Join & junct are the root-words for many other words.
Joining Words Essay Paragraphs ..
If we now consider the progress made by those same masses in the capacity and habit of co-operation, we find it equally surprising. At what period were the operations of productive industry carried on upon anything like their present scale? Were so many hands ever before employed at the same time upon the same work, as now in all the principal departments of manufactures and commerce? To how enormous an extent is business now carried on by joint-stock companies—in other words, by many small capitals thrown together to form one great one. The country is covered with associations. There are societies for political, societies for religious, societies for philanthropic purposes. But the greatest novelty of all is the spirit of combination which has among the working classes. The present age has seen the commencement of benefit societies, and they now, as well as the more questionable Trades Unions, overspread the whole country. A more powerful, though not so ostensible, instrument of combination than any of these, has but lately become universally accessible—the newspaper. The newspaper carries to every individual among them; by the newspaper each learns that others are feeling as he feels, and that if he is ready, he will find them also prepared to act upon what they feel. The newspaper is the telegraph which carries the signal throughout the country, and the flag round which it rallies. Hundreds of newspapers speaking in the same voice at once, and the rapidity of communication afforded by improved means of locomotion, were what enabled the whole country to combine in that simultaneous energetic demonstration of determined will which carried the Reform Act. Both these facilities are on the increase, every one may see how rapidly; and they will enable the people on all decisive occasions to form a collective will, and render that collective will irresistible.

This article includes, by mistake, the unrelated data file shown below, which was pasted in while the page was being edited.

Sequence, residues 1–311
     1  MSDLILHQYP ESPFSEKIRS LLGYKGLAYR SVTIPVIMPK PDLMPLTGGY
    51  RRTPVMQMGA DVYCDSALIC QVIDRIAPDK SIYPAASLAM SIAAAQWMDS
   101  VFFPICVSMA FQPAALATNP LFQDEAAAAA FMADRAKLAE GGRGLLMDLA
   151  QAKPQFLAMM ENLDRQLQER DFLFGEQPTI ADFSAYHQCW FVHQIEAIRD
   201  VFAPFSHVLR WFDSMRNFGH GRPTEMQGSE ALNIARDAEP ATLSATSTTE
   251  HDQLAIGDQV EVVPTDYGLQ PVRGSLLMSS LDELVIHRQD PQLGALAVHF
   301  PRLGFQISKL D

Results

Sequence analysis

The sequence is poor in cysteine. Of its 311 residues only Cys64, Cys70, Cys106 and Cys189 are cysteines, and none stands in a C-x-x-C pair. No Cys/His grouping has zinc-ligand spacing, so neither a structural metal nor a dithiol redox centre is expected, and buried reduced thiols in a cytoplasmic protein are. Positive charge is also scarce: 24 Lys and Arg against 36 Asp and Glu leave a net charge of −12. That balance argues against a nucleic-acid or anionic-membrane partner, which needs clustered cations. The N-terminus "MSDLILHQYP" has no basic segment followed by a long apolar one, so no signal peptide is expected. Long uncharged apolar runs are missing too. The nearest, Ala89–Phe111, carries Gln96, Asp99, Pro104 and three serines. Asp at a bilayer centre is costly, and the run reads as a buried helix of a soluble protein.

Free Essays; Reasons Behind Joining the Military ..
We put it to those who call themselves Conservatives, whether, when the power in society is passing into the hands of the masses, they really think it possible to prevent the masses from making that power predominant as well in the government as elsewhere? The triumph of democracy, or, in other words, of the government of public opinion, does not depend upon the opinion of any individual or set of individuals that it ought to triumph, but upon the natural laws of the progress of wealth, upon the diffusion of reading, and the increase of the facilities of human intercourse. If Lord Kenyon or the Duke of Newcastle could stop these, they might accomplish something. There is no danger of the prevalence of democracy in Syria or Timbuctoo. But he must be a poor politician who does not know, that whatever is the growing power in society will force its way into the government, by fair means or foul. The distribution of constitutional power cannot long continue very different from that of real power, without a convulsion. Nor, if the institutions which impede the progress of democracy could be by any miracle preserved, could even they do more than render that progress a little slower. Were the Constitution of Great Britain to remain henceforth unaltered, we are not the less under the dominion, becoming every day more irresistible, of public opinion.